Take the 2-minute tour ×
Stack Overflow is a question and answer site for professional and enthusiast programmers. It's 100% free, no registration required.

I've got a read-only property on a model object, but want to bind two-way to it. When the binding source should get updated, I want the update to instead be 'redirected' to a separate method that plugs into our controller infrastructure to perform the update and generate a new model with the change property. Simply using a Binding on a read-only property and adding a handler to the Binding.TargetUpdated event doesn't work (throws an InvalidOperationException, specifying the property should be read-only).

There's a simple solution to this (create a copy of the model, with read-write properties that do the redirect for me) but I don't really want to have to copy all my model objects. Is there a way of doing this programatically?

share|improve this question
    
I don't understand. Are you binding your view directly to the model with no intermediate? where do you get ItemsSource for comboboxes (for example) from? –  HighCore Nov 19 '12 at 18:42
    
All the values for comboboxes are generated by the controller. I typically put a ICollectionView between any collections and the DataContext so I can be notified of changes and call back to the controller. –  thecoop Nov 20 '12 at 9:30
add comment

3 Answers

This solution is based on custom markup extension which setups a two way binding for some dependency property. The binding uses some kind of wrapper with writable property as a source. The wrapper calls the infrastructure code to update and generate new model after property changed.

Below example with hard coded scenario, but I think the idea is quite clear.

namespace MyApp
{

public class MyModel
{
    //readonly property
    public string Name { get; private set; }

    public MyModel(string name)
    {
        Name = name;
    }
}

public class MyViewModel
{
    public MyModel Model { get; set; }

    public MyViewModel()
    {
        Model = new MyModel("default");
    }
}

public class Wrapper
{
    public MyViewModel ViewModel { get; set; }

    //writable property to enable two-way binding
    public object Value
    {
        get
        {
            return ViewModel.Model.Name;
        }
        set
        {
            //call your infrastructure method to 
            //update and generate new model
            ViewModel.Model = new MyModel((string)value);
        }
    }
}

[MarkupExtensionReturnType(typeof(Object))]
public class CustomBinding : MarkupExtension
{
    //you can add any properties here for your infrastructure method call
    //public string PropertyName { get; set; }

    public override object ProvideValue(IServiceProvider serviceProvider)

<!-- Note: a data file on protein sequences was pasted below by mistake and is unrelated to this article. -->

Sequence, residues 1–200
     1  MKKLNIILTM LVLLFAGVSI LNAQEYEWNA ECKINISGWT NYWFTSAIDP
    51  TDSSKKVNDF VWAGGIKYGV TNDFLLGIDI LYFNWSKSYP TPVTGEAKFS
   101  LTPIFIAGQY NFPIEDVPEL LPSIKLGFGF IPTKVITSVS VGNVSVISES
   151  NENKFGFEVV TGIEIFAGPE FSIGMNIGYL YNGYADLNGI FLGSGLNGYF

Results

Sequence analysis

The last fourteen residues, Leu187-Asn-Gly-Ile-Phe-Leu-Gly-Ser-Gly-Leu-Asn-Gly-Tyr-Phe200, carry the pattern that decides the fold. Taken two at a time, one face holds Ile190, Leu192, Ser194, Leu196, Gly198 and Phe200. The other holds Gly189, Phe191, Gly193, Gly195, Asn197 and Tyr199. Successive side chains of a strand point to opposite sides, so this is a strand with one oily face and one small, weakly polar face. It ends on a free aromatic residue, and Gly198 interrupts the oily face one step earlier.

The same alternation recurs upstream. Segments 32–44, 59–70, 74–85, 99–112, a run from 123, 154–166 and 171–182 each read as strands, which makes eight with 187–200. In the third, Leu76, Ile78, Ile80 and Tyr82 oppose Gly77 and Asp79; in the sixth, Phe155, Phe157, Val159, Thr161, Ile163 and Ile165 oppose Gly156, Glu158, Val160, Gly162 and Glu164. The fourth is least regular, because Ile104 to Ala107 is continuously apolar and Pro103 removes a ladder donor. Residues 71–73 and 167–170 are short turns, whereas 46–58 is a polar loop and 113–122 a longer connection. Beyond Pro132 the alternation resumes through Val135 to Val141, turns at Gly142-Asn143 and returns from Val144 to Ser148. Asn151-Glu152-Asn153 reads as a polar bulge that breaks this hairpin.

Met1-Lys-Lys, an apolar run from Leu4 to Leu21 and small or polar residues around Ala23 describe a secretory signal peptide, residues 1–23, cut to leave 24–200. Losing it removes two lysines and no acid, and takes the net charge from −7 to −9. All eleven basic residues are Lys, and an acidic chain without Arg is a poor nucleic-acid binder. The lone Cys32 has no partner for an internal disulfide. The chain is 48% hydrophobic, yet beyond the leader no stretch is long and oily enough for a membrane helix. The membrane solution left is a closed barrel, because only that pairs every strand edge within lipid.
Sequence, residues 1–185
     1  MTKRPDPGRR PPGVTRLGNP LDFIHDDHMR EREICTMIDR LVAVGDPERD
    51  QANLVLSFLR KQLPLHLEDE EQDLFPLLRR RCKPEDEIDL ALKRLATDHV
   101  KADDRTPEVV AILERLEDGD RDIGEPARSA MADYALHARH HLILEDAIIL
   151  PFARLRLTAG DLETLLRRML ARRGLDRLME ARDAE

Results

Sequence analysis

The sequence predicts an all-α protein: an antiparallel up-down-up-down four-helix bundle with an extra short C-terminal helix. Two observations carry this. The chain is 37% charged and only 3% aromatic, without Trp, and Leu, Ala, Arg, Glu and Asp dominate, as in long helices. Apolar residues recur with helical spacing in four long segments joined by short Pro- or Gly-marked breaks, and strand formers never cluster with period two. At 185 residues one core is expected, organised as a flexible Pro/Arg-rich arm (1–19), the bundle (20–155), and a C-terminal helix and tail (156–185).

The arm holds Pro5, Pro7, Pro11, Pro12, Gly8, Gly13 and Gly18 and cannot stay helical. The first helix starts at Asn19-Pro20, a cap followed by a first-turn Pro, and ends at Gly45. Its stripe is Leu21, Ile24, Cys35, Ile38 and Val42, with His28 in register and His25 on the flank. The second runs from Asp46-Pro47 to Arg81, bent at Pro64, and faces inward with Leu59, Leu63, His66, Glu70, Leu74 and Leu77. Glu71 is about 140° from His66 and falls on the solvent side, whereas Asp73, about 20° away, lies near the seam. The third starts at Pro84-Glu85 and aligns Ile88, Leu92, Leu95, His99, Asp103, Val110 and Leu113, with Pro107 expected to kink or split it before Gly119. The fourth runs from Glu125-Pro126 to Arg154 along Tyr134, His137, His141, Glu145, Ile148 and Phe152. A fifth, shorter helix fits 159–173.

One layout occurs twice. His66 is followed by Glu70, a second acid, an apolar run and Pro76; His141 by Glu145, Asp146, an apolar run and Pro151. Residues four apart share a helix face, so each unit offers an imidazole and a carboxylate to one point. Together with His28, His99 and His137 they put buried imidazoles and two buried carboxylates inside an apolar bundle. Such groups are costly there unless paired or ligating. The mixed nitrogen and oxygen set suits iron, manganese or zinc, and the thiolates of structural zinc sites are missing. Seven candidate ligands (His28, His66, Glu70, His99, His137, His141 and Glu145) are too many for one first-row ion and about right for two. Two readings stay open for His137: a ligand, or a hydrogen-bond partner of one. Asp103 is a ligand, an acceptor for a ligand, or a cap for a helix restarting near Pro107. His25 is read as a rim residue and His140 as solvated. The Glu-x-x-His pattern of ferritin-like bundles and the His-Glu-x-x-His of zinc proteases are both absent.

{
        var provideValueTarget = serviceProvider.GetService(typeof(IProvideValueTarget)) as IProvideValueTarget;
        var binding = new Binding()
        {
            //get whatever you need from target element to setup the binding and wrapper
            Source = new Wrapper()
            {
                ViewModel = (provideValueTarget.TargetObject as FrameworkElement).DataContext as MyViewModel
            },
            Path = new PropertyPath("Value")
        };
        var result = binding.ProvideValue(serviceProvider);
        return result;
    }
}

}
XAML
<StackPanel>
    <StackPanel.DataContext>
    <MyApp:MyViewModel />
    <StackPanel.DataContext>
    <TextBox Text="{MyApp:CustomBinding}" />
<StackPanel />
share|improve this answer
add comment

I don't think you'll get away without binding to a new intermediate object. Some might call it a view model. I was wondering whether a custom IValueConverter might be able to intercept the write operation as you need in ConvertBack, but I'm reasonably sure that the binding system won't even try to call the converter if the source property isn't writable.

share|improve this answer
add comment

I found a solution using ExpandoObject - given a read-only model object, this generates a read-write model at runtime that calls the controller method whenever any property changes:

public static dynamic GetAdapterFor(IController controller, object modelObj)
{
    if (modelObj == null)
        return null;

    ExpandoObject obj = new ExpandoObject();

    // add all the properties in the model
    foreach (var prop in modelObj.GetType().GetProperties())
    {
        ((IDictionary<string, object>)obj).Add(prop.Name, prop.GetValue(modelObj, null));
    }

    // add the handler to update the controller when a property changes
    ((INotifyPropertyChanged)obj).PropertyChanged += (s, e) => UpdateController(controller, e.PropertyName, ((IDictionary<string, object>)s)[e.PropertyName]);

    return obj;
}

private static void UpdateController(IController controller, string propertyName, object propertyValue)
{
    controller.SetPropertyValue(propertyName, propertyValue);
}
share|improve this answer
add comment

Your Answer

 
discard

By posting your answer, you agree to the privacy policy and terms of service.

Not the answer you're looking for? Browse other questions tagged or ask your own question.